Naturally occurring talc and asbestos are often in close proximity of each other in the earth and thus contamination is very likely to happen during mining operations. The International Agency for Research on Cancer classifies inhaled talc that contains asbestos as "carcinogenic to humans."
This conflicting information has resulted in substantial consumer concern regarding the safety of talc-based products.
Many people who have been diagnosed with cancer after using such items are left wondering whether they should get a legal practitioner involved. If you have been diagnosed with cancer after using talc-based products, you may be eligible to file a compensation claim, especially if you have a consistent history of using such products over a significant time period.
Most of the concerns have focused on whether long-term exposure to talc fibers might cause lung cancer among talc miners, and whether women who used the moisture-reducing agent for feminine hygiene had an increased risk of ovarian cancer.
While it was already reported in the literature that talc does not cause tumors in hamsters, a carcinogenesis inhalation bioassay of talc conducted in rats and mice by the U.S. National Toxicology Program in 1993, showed that it does not cause tumors in mice either, but induces some tumors in rats, especially female rats.
Consequently, there is an uprising concern about the use of talcum powder and the development of ovarian cancers. The frequent use of talcum powder as a hygiene product is believed to be the culprit in this respect, since it may occasionally be asbestos-containing or asbestos-tainted.
Talc accumulated in the lungs, scratches the surface of tissue in the respiratory system, leading to scarring that blocks the absorption of oxygen, causing irreversible lung damage that, in the end, can be fatal. Chronic inflammation caused by breathing in talcum powder can induce respiratory cancers such as pleural mesothelioma.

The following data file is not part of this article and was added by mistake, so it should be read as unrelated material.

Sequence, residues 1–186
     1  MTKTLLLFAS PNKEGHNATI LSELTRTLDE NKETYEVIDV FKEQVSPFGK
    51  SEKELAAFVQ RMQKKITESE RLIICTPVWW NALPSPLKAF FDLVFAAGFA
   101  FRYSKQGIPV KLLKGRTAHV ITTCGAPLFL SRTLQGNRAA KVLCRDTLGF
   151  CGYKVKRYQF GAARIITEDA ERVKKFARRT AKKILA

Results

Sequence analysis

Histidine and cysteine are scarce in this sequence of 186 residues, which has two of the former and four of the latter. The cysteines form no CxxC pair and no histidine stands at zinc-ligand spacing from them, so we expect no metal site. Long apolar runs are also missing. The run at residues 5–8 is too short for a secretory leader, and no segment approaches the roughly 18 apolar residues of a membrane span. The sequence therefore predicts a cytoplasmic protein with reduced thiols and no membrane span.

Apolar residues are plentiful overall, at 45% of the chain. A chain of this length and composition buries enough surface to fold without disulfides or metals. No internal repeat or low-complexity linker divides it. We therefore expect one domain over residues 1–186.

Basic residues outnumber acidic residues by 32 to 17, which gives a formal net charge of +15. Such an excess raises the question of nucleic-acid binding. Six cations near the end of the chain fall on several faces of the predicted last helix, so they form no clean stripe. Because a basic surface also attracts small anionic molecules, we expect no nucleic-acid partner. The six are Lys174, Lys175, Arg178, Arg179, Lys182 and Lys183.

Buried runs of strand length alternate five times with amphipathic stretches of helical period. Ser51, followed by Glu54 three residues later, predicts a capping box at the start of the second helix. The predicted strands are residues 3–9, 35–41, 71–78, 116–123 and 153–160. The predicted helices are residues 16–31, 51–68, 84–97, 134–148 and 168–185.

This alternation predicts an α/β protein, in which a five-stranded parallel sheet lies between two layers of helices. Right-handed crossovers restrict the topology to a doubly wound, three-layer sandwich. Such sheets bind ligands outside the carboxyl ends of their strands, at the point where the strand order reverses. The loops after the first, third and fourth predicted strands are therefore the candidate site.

Some studies of talc miners and millers have suggested a link between talc and lung cancer risk. According to a U.S. Department of Health and Human Services report, inhaling particles of the substance can cause DNA damage that leads to lung cancer.
Although not all possible links with other types of cancers have been studied extensively, some studies have demonstrated possible risks:
If you believe your ovarian cancer, endometrial ovarian cancer, or mesothelioma was caused by using talcum powder, the priority is having a paraprofessional legal assistant review your case; consultations are typically free, and they will be able to determine if you are legally entitled to file a claim. If so, you may be entitled to financial compensation that can cover your medical treatment, which can become extremely costly in the fight against cancer.
When you file a talcum powder claim, you could be eligible to recover: